New Study: ‘People At The Extremes Are Happier Than Political Moderates’
Arthur C. Brooks, author of Gross National Happiness, explored how peoples’ political beliefs influence their happiness in a New York Times column Saturday, and revealed that conservatives are happier than liberals, although he points out it could have more to do with demographics than which cable news channel someone prefers.
“Scholars on both the left and right have studied this question extensively, and have reached a consensus that it is conservatives who possess the happiness edge,” Brooks wrote. “Many data sets show this. For example, the Pew Research Center in 2006 reported that conservative Republicans were 68 percent more likely than liberal Democrats to say they were “very happy” about their lives. This pattern has persisted for decades. The question isn’t whether this is true, but why.”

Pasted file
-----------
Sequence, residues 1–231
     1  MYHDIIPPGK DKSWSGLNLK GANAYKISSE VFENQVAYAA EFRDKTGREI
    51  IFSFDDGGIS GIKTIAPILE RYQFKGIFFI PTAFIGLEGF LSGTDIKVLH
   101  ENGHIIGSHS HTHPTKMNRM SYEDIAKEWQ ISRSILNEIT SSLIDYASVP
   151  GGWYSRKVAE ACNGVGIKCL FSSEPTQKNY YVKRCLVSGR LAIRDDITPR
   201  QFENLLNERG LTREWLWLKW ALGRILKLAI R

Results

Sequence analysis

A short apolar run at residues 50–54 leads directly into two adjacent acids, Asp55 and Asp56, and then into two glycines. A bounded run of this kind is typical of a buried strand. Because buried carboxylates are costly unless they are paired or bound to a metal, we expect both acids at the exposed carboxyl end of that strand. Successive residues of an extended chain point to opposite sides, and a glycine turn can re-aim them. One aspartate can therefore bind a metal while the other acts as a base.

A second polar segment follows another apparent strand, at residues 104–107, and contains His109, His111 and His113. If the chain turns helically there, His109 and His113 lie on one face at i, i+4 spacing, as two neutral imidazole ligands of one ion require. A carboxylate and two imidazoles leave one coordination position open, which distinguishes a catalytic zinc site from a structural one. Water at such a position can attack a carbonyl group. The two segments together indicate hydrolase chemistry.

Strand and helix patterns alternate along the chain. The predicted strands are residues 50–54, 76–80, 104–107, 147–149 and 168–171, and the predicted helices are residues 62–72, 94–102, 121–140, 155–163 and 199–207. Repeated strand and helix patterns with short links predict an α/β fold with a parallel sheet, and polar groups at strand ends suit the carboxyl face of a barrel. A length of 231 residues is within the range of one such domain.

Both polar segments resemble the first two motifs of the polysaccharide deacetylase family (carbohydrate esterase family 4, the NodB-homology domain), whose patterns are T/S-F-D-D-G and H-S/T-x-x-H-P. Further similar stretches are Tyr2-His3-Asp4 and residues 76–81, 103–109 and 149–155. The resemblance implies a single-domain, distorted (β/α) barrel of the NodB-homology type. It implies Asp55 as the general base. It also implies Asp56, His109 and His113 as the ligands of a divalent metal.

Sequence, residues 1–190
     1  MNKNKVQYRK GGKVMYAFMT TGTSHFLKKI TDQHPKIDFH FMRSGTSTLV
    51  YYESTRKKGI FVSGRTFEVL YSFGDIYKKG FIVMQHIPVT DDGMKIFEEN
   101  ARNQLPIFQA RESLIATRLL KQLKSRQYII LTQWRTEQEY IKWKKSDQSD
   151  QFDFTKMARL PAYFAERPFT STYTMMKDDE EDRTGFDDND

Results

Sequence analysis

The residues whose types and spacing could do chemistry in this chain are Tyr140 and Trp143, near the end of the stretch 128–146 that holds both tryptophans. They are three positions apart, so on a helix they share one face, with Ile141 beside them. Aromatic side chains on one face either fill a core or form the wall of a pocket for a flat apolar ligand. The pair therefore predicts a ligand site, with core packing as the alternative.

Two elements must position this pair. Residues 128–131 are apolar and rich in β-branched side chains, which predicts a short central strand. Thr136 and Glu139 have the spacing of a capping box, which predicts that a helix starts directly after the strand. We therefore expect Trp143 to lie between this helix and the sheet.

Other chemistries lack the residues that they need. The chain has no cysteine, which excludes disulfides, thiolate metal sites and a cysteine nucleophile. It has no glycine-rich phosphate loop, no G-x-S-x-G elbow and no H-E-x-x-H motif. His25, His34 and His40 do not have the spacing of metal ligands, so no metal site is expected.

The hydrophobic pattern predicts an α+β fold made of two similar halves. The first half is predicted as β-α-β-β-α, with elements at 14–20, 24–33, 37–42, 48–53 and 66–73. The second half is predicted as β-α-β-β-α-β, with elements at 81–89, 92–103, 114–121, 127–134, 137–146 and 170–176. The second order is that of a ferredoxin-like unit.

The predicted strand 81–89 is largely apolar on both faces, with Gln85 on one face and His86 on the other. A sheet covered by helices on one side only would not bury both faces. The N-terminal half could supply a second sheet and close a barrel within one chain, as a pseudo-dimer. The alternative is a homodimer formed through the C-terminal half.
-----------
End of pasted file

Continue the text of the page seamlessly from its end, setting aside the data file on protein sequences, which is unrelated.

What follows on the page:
One possibility is that conservatives are more likely to be married and religious, two factors that lead to happiness, according to Brooks. More than half of conservatives are married, compared to a third of liberals, and studies have shown that married people are eighteen percent more likely to be happy than an unmarried person of similar demographics. Religious conservatives outnumber religious liberals nearly four-to-one, and religious people are nearly twice as likely to consider themselves happy.
The happiest conservatives were also the more extreme, Brooks said, but the same held true for those who considered themselves extremely liberal. Moderates on either side of the spectrum aren’t as happy, which is unfortunate for Brooks, who considers himself an independent.
“People at the extremes are happier than political moderates,” Brooks wrote. “Correcting for income, education, age, race, family situation and religion, the happiest Americans are those who say they are either “extremely conservative” (48 percent very happy) or “extremely liberal” (35 percent). Everyone else is less happy, with the nadir at dead-center “moderate” (26 percent).”
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